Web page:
It may have been the last jog through the woods before snow, a slow amble up from behind the tennis courts on Tuesday afternoon, the woods offering quiet solace in this transitional time between seasons. Up over wooden slab bridges, past the cut off for Wilson’s Wonder, up to Mud Pond and the Adirondack shelter. The dog rustled through the fire pit looking for bits of what? Marshmallow? Graham crackers? Scraps of discarded oatmeal from Wilderness Orientation? In the shelter, wood duck houses that students built were stacked, waiting to be set up later in winter.
It is good to remember that the lightness of being is nearby, ready to balance out challenge. Sometimes you catch it in the glimmers of sun sheeting across a field and a mood shifts. Or a day. Of course you have to be open to the possibility, and sometimes you have to actively look for the lightness of being. Sometimes the moment simply seems to fall in your lap. Fortunately, at Proctor, there seems to be a high density probability of encountering one of these uplifting interludes.
On a trip to Georgia and Alabama this week, Director of Development Keith Barrett '80 and I took a dogleg route from Atlanta to Birmingham, though the city of Montgomery, Alabama. We stopped to visit Danny Loehr ‘09, who currently works for the Equal Justice Initiative (EJI) founded by Bryan Stevenson. EJI seeks to “end mass incarceration and excessive punishment, challenge inhumane and violent prison conditions, and confront the history of racial inequality and injustice in America.”
Walking down Ward Lane late yesterday afternoon, the cold wind ripping down from Ragged with the clouds scattering bits of rain and snow, I approached the baseball field. Green tarps, water pooling on them, had been pulled over the mound and home plate, the red dirt of the base paths had been raked smooth by Garry George, the dugout benches had long been carted away to other fields. The single ball I found, a leftover seed from the past season, won’t spin out of a hand until next spring. I took it all in and thought about the Nor’easter predicted for this weekend that could bring snow to the mountains and bury the field. Proctor’s baseball season barely ripples through the community consciousness, but thankfully the game is still being played on the national stage.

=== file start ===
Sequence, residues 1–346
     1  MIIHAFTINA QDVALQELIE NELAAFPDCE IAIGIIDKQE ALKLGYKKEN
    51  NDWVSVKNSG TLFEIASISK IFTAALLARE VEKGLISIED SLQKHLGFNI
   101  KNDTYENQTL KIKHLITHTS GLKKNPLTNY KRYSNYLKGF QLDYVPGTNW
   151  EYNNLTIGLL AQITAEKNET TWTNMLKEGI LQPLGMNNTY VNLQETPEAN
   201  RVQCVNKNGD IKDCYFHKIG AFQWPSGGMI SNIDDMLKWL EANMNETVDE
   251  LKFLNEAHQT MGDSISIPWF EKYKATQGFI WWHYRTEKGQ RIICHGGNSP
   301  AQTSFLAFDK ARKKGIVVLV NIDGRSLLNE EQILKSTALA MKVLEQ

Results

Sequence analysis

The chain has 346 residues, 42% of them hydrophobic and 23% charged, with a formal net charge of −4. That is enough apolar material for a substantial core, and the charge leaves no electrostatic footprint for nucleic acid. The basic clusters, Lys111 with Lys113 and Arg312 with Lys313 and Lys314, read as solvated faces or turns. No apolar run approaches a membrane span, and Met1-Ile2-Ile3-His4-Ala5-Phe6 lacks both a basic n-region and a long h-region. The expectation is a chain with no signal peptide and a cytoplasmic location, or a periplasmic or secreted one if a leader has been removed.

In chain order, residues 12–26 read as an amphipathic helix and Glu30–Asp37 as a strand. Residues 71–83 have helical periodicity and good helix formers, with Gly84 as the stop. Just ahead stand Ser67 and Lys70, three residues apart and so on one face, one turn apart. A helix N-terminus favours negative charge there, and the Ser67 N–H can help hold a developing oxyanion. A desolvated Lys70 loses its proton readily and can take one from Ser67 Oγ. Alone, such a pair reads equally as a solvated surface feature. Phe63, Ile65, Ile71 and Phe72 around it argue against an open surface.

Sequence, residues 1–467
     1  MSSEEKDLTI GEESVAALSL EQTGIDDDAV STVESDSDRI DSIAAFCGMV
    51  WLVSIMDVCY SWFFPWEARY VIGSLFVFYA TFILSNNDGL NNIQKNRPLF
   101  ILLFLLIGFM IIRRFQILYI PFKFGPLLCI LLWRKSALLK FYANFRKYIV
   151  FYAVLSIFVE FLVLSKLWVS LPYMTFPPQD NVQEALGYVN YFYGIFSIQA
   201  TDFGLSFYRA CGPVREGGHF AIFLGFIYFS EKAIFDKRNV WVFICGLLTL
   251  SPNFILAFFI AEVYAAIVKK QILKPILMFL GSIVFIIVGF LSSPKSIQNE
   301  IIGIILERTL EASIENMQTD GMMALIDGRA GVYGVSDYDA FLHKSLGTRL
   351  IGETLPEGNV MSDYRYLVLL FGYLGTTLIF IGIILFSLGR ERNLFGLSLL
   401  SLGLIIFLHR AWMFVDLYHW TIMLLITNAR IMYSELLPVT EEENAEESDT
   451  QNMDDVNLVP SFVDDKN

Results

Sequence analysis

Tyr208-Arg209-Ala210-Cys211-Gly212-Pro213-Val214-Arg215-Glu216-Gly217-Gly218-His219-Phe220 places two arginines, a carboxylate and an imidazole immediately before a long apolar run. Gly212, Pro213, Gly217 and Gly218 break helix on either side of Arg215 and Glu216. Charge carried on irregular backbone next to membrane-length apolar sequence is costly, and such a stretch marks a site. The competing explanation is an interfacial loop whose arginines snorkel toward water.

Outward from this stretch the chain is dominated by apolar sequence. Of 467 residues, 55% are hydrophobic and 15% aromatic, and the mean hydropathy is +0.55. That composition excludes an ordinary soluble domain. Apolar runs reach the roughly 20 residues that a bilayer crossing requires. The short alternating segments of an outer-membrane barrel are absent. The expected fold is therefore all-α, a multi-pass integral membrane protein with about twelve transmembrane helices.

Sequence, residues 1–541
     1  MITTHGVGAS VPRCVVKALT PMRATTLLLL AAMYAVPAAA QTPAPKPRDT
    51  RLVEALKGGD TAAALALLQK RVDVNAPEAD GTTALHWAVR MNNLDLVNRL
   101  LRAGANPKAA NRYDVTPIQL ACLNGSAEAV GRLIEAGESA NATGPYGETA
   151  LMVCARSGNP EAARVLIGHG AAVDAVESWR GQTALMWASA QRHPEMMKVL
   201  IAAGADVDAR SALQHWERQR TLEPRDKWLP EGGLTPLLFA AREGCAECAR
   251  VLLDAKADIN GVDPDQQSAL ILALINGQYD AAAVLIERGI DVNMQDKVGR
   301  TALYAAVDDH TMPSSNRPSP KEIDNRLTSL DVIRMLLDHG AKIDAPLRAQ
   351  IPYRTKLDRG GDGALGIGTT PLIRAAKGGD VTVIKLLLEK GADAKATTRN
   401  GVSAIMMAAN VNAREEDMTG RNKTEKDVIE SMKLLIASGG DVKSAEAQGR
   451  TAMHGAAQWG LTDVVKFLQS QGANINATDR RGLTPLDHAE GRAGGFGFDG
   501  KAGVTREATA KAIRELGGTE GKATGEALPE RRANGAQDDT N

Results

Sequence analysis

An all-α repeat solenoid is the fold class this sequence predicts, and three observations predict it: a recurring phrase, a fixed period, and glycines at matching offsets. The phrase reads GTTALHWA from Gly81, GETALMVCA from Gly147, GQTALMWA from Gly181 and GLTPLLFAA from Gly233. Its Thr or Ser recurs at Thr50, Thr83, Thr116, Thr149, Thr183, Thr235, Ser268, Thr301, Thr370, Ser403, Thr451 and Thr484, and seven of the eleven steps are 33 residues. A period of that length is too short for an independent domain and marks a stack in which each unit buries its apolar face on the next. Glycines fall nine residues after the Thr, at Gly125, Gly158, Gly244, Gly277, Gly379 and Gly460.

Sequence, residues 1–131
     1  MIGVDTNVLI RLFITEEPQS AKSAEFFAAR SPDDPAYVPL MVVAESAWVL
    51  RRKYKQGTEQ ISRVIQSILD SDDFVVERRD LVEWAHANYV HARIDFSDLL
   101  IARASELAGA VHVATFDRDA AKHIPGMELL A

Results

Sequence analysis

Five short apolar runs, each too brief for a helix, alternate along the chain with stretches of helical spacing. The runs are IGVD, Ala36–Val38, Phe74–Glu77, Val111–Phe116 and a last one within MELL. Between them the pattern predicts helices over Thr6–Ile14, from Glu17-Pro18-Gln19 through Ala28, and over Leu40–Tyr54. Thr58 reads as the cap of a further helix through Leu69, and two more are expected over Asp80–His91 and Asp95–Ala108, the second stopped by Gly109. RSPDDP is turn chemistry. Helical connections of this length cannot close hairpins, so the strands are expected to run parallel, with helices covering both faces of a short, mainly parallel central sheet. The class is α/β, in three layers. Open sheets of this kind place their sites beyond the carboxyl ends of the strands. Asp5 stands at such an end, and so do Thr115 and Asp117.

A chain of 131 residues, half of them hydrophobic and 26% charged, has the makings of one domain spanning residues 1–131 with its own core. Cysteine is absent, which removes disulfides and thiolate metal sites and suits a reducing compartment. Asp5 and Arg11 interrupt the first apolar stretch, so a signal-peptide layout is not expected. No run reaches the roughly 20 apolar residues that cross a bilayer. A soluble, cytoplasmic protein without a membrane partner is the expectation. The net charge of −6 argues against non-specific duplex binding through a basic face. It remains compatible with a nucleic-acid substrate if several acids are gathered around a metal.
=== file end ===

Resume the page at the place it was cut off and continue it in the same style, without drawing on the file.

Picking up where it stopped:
We tend to look up, eyes drawn to the skyline, the geometry of rooflines, the arc of hills against the horizon, the splash of stars across the night sky. The beauty, the majesty, it’s up ahead. We coach our players to keep their head up, to work to see the whole of the playing field, to anticipate. Maybe in golf or baseball you keep your head down, but that’s only temporary. Your eyes immediately rise after you hit the ball: how far will it travel? Sand trap or fairway? Base hit or triple? Maybe this proclivity to always look up is instinctual, an ingrained alertness to see what’s coming, to prepare and protect.
I visited six freshman seminar classes in Shirley Hall this week, enjoying the chance to get a read on who will help us build and sustain the Proctor community over the next four years. The intent of this one term program is to help ground these incoming students, answer questions for them, and help them center down for the next four years.
Corby Leith '92 and I were talking Thursday morning in Slocumb, reviewing some of the charcoal work of this fall’s art students, some of the framed work in racks that had been in a summer show, and then he checked his schedule and realized he was supposed to be in the forge teaching. We scooted out through the ceramics studio and headed around to the backside of the Shepard Boat House to the shuttered door of the forge. I thought I would tag along to see how the class unfolded.
When Lindsey Allenby gathered the senior class after assembly on Monday for their class photo, I looked over. There was a lot laugher, some kidding around, and the mood was upbeat and positive. Lindsey snapped pictures, the group scattered, and it was only later, reflecting on the class, that I thought about the background hum of stress coursing through the group. When the college process peaks in the fall of senior year, the pressures can mount to unreasonable and unhealthy levels.